There's only one occasion in the spring that people dread more than cleaning day: the tax deadline.
UPDATE: April 23 — The deadline for filing individual tax returns has been extended to May 5 after the Heartbleed bug led to a shutdown on the Canada Revenue Agency's website, CBC News reported.
Let's be honest, lots of us leave it to the last minute, so here are a few tips to ensure you don't run into trouble with the Canada Revenue Agency (CRA).
First, you'll need the forms, which you can download right here.
Then, you need to ensure you file on time.
The deadline for most people to file their 2013 tax returns is April 30. If you hand in your forms later than that, you may face a penalty or there may be a delay on your GST/HST credit, Canada child tax benefit payments and Old Age Security benefits, the CRA says on its website.
You have a bit of leeway if you're self-employed; your tax return is due June 15. But if you owe any money for the 2013 tax year, it still has to be paid by the April 30 deadline.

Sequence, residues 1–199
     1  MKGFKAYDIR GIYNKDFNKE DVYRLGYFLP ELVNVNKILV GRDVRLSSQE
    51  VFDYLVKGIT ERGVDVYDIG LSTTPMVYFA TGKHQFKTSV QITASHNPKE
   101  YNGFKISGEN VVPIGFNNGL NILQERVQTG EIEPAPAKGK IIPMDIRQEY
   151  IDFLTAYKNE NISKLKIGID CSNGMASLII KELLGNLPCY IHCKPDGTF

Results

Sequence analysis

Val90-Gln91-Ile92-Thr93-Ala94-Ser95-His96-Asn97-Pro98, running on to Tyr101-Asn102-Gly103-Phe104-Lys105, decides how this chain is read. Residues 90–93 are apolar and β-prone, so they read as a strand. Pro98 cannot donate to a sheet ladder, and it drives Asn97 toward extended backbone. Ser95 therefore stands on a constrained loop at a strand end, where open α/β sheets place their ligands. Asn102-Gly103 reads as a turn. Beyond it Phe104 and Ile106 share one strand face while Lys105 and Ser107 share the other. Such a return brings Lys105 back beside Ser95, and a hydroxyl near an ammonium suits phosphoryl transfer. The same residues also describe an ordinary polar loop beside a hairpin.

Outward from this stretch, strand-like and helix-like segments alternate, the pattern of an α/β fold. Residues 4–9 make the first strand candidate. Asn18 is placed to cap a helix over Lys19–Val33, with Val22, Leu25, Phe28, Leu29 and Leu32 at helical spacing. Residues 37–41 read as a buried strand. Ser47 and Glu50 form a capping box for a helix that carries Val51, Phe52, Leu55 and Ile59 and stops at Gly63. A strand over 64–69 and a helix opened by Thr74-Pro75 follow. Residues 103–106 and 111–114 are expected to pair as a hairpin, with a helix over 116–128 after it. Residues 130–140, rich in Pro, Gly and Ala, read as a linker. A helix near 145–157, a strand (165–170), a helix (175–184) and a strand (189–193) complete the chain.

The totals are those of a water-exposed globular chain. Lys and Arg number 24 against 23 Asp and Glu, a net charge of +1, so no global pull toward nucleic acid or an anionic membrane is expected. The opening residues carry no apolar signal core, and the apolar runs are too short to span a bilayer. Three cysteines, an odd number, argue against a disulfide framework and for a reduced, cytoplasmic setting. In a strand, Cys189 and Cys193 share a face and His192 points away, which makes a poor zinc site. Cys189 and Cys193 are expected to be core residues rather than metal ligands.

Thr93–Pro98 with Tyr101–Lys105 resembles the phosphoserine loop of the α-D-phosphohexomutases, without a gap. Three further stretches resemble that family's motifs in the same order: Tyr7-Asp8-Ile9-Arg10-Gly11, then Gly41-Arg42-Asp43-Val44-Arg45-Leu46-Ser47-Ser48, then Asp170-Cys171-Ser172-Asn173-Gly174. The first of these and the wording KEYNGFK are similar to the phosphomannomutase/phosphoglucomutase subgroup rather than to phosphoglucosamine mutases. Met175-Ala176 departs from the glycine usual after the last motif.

If you're the executor for the estate of a person who died in 2013, you may have to file a return for that individual, the CRA says.
The due date for that return depends on the date of death, and whether the person or their spouse or common-law partner carried on a business in 2013.
If you owe money for the 2013 tax year, you will be charged compound daily interest on any unpaid amount starting on May 1.
If you file late, you'll face a penalty of five per cent of your balance owing, plus one per cent of your balance for each full month that your return comes in after the deadline, up to a maximum of 12 months.
If you received a penalty on your return for the 2010, 2011 or 2012 tax years, you could be charged an extra 10 per cent of your 2013 balance owing, as well as two per cent of the money you owe for each month that the return is late, up to 20 months.
However, there are exceptions. The minister of national revenue permits relief from penalties or interest if a taxpayer is facing "extraordinary obligations"; if a person hasn't met their tax obligations due to an action by the CRA; or if they're unable to pay due to financial hardship.
If you run into this situation, you can submit a written request for relief by mail to a number of tax centres.
Like this article? Follow our Facebook pageOr follow us on TwitterFollow @HuffPostCanada